There is a vast amount of educational training about retaining units in computations, and converting units to a desirable form (such as the case of units conversion by factor-label).
In most likelihood, the vast majority of computations with measurements are done in computer programs, with no facility for retaining a symbolic computation of the units. Only the numerical quantity is used in the computation, which requires the universal formula to be converted to a formula intended to be used with prescribed units only (i.e., the numerical quantity is implicitly assumed to be multiplying a particular unit). The requirements about the prescribed units must be given to users of the input and the output of the formula.
The formula with prescribed units could also appear with simple symbols, perhaps even with identical symbols as in the original dimensional formula:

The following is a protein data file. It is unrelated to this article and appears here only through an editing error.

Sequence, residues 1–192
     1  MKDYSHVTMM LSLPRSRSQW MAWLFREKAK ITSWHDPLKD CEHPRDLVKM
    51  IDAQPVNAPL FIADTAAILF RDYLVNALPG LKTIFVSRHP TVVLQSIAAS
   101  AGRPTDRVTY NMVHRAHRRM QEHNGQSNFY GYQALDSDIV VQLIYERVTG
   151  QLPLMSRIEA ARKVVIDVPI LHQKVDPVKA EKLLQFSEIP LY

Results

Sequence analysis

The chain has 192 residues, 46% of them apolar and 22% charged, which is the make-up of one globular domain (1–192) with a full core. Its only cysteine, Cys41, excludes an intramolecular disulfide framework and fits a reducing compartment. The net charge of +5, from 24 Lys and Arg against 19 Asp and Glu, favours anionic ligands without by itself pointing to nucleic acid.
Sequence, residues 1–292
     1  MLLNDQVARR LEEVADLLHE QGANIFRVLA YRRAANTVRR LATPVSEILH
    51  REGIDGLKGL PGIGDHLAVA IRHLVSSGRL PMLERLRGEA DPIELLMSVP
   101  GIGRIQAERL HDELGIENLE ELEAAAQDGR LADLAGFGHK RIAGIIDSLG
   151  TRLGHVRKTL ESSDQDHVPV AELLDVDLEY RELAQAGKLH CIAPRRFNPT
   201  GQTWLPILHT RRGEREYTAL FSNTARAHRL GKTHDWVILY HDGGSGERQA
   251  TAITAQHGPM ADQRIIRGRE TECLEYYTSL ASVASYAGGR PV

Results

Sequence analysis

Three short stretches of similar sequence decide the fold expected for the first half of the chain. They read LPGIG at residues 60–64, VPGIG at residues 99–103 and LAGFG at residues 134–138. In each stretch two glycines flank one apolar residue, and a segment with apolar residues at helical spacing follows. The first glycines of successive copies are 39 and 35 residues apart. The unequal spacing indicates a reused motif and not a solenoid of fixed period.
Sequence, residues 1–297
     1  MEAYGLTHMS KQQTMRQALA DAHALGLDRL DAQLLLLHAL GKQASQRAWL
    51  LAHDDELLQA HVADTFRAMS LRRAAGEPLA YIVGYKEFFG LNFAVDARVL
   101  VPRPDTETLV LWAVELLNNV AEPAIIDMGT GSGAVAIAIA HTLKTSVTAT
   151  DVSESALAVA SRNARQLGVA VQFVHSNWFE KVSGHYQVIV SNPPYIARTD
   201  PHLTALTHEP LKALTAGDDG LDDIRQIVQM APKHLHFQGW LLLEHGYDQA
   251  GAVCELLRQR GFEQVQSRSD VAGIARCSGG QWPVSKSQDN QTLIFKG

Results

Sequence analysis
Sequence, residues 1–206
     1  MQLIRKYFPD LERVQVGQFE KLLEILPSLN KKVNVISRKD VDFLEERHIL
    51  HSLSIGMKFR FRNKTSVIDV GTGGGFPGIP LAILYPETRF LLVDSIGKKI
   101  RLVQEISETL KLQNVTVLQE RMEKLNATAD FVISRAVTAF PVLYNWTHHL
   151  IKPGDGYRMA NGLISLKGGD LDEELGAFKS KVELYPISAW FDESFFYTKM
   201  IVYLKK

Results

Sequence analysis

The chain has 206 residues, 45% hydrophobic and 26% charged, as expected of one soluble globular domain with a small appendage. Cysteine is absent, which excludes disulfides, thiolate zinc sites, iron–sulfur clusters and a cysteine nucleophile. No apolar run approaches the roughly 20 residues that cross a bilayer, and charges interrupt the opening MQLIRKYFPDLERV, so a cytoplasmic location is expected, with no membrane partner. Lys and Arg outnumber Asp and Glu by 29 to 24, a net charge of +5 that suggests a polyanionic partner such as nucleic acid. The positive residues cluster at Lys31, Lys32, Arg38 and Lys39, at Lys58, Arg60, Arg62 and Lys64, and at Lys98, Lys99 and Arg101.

If the physical formula is not dimensionally homogeneous, it would be erroneous. In fact, the falsehood becomes apparent in the impossibility to derive a formula with prescribed units, as it would not be possible to derive a formula consisting only of numbers and dimensionless ratios.
Formulas used in science almost always require a choice of units. Formulas are used to express relationships between various quantities, such as temperature, mass, or charge in physics; supply, profit, or demand in economics; or a wide range of other quantities in other disciplines.
An example of a formula used in science is Boltzmann's entropy formula. In statistical thermodynamics, it is a probability equation relating the entropy S of an ideal gas to the quantity W, which is the number of microstates corresponding to a given macrostate: